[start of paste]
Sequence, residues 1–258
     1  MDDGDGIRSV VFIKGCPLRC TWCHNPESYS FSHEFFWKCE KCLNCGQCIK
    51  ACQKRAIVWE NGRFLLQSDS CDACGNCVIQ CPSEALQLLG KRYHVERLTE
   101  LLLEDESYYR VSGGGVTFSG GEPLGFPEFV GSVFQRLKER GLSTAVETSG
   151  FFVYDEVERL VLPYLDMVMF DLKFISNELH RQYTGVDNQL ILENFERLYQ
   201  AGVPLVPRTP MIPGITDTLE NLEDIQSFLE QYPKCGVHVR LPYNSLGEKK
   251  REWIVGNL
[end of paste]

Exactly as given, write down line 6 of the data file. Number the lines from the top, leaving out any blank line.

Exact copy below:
   201  AGVPLVPRTP MIPGITDTLE NLEDIQSFLE QYPKCGVHVR LPYNSLGEKK